The Parish of Sutton with Seaford

(A sermon preached on 19th Nov 2023 from Psalm 119v73-88)

How do you see yourself? Someone recently made a mistake and then immediately said to me – ‘Oh I’m such an idiot, such a fool, I feel so embarrassed’. And I thought ‘Wow that was bit unnecessary!’ But we’re quite good at putting ourselves down. We’ve discovered that if we put ourselves down before Someone else does it then it doesn’t hurt so much.


Actually I made the same mistake that they did, just a couple of days ago. We all make mistakes, sometimes we notice, sometimes other people point them out, what matters is how we cope.


And that’s often shaped by how we see ourselves. It deeply affects how we respond to stuff in life. How we see God, How we see others, How we cope with the struggles in life.


We are back in the Psalms. You’ve had two general sermons on them one from Lucy, one from me, So I will skip over the general introduction to the Psalms.

But I will point out that this Psalm 119 is the Longest Psalm by a long shot. Its made up of 22 stanzas. Each verse starts with the next letter of the Hebrew alphabet so you’ll be glad that we’re not doing the whole Psalm, just Yodh and Kaph.


The word Law appears 44 times in the book of Exodus, 48 times in the book of Deuteronomy, and 47 times in just this one Psalm, and that’s not even including other words like Statutes and Precepts and so on.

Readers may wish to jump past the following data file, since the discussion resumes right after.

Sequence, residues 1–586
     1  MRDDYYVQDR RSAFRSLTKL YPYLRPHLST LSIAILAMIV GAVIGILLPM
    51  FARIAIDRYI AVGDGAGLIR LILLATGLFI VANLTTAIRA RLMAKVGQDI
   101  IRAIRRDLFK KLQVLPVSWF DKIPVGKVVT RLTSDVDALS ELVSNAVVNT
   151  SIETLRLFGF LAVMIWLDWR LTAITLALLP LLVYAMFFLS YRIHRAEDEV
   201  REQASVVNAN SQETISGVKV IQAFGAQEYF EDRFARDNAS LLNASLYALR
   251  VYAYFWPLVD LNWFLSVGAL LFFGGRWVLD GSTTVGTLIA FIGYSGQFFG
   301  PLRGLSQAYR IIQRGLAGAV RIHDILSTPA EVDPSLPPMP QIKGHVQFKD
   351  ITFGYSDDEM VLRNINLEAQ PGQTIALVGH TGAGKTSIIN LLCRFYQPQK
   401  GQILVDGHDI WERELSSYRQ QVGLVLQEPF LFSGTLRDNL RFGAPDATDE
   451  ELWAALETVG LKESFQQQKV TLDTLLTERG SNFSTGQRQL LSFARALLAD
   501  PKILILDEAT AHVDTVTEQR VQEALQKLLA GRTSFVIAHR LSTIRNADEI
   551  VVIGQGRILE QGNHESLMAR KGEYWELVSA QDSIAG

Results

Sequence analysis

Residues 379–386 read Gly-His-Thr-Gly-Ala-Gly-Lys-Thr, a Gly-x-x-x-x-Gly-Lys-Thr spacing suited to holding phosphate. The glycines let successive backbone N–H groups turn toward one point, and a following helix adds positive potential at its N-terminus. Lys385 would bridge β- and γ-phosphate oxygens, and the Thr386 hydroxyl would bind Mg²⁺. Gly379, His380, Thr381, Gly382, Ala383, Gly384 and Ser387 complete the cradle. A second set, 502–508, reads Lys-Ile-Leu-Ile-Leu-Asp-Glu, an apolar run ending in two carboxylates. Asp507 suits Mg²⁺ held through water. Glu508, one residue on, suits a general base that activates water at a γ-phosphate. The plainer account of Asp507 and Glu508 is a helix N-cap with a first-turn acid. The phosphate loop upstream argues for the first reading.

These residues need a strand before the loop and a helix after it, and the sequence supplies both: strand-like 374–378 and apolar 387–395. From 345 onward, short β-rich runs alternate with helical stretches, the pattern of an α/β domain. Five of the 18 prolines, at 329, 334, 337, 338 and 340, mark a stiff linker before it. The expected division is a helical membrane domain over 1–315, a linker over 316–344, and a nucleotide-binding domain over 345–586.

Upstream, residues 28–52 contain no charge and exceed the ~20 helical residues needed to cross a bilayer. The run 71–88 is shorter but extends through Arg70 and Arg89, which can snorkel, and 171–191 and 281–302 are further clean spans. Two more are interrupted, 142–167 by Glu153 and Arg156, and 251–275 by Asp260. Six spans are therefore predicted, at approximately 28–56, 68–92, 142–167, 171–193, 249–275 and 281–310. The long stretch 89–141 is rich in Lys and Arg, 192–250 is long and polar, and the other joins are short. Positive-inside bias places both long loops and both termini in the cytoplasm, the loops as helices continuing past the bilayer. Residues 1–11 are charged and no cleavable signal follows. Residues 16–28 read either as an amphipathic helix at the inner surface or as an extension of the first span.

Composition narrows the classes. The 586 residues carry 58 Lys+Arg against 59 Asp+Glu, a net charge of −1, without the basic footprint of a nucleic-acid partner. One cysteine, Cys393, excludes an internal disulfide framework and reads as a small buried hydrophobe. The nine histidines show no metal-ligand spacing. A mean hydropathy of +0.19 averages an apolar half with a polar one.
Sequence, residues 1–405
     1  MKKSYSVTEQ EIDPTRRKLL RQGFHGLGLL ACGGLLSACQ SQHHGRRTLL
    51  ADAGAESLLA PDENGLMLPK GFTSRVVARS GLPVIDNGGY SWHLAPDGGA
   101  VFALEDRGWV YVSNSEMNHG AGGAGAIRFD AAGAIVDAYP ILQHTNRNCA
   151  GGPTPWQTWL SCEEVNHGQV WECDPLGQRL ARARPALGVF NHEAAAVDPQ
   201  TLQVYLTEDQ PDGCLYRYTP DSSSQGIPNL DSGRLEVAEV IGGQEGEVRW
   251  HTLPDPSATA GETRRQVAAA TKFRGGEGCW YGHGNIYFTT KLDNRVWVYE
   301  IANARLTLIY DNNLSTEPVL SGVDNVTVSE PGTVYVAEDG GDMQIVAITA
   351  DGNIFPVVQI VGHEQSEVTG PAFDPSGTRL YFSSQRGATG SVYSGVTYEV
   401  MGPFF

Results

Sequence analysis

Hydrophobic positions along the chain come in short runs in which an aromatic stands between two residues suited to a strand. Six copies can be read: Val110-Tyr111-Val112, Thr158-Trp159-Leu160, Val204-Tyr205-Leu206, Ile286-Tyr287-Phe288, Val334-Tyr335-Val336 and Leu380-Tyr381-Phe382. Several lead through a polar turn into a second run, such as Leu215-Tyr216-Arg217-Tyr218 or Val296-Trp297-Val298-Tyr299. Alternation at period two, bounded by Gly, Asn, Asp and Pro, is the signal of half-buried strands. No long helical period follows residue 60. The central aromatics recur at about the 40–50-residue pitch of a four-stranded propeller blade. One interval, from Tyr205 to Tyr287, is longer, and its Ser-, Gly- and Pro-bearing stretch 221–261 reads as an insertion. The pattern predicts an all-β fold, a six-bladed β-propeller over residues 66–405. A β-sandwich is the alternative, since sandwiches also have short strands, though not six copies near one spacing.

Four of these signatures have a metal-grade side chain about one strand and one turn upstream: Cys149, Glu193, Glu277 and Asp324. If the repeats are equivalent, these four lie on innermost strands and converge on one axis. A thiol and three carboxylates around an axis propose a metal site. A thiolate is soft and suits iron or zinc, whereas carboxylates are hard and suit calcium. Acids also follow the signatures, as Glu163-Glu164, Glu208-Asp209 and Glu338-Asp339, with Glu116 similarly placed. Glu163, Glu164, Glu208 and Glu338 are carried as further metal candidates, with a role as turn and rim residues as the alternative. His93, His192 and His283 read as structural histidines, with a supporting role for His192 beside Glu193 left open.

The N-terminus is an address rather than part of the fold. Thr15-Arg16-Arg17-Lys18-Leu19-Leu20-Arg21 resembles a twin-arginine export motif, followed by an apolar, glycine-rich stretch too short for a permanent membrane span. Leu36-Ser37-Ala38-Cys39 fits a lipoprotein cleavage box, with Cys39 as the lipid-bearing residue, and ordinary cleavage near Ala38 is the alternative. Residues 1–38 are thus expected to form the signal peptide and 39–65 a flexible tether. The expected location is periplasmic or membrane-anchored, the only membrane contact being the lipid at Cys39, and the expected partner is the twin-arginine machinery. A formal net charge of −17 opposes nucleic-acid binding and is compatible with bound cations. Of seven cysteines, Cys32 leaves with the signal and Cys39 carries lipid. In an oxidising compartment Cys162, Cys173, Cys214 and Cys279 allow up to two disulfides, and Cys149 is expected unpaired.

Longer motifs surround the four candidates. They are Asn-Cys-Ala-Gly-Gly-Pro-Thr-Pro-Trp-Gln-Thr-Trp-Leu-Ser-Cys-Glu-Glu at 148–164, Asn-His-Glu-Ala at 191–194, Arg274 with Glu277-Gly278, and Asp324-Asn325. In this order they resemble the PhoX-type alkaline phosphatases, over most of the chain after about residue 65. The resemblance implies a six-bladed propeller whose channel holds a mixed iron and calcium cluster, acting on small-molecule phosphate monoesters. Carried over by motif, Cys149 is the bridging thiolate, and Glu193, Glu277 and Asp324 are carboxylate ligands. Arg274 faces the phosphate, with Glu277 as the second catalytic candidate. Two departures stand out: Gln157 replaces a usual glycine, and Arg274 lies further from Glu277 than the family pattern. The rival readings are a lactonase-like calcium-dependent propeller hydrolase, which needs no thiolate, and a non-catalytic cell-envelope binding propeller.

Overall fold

So this is a Psalm that is keen on God’s Law – and for this singer – the Law is a good thing – it is a cause for him, or her, to praise God.

He, She doesn’t react by saying ‘Oh no not another Law, another precept, another statute’ but rather praises God for the Law.


The law is a cause of delight, the law sustains this person, and stops them from stumbling. The law is revealed and so reminds us that God is real, that God cares. It is a channel of God’s compassion. He, She, acknowledges that it isn’t easy and prays for help to understand it, apply it, Teach me O God!


It might seem that this singer is a bit sanctimonious. A bit overly holy and overly spiritual and overly righteous and altogether thoroughly annoying – I mean who can live out God’s laws like this and find in them such delight.


Firstly he is actually right – God’s laws are good – and that’s an important default setting. They set boundaries, they give guidance about right and wrong, they give wisdom.


And secondly this singer is not as super spiritual as he seems. He’s actually desperately clinging on. If you were to ask him ‘How are you’ how he is he would say “I am FINE”  (which if you like can stand for – Frustrated Insecure, Nervous, Exhausted – other variations are available but they’re all along the same lines)


This bit of the Psalm speaks about persecutors who are bullying him, about arrogant who are digging a pit for him to fall in and its clear that he’s been praying about this for a while but nothing has been happening and so now he’s struggling with God and starts praying those ‘How Long must I wait’ sort of prayers. I am familiar with this sort of prayer.


But that’s not actually his real problem. Its not the external stuff. Its quite understandable why and how that’s such a cause for stress but that’s not actually his problem, or her problem.


Her problem is that she feels like a ‘wineskin in the smoke’. Such an excellent metaphor. Picture a goat-skin bottle filled with wine and it hangs up in the kitchen maybe not that far from the kitchen fire, and slowly the wine is drunk, and slowly the leather is drying out, becoming brittle, inflexible. And this has happened slowly.

The heat, the smoke, has got to it. For some people it comes from Always giving, never receiving. Burn out.

For others it’s from having a belittling view of themselves, of God, of others. Its so easy to become bitter.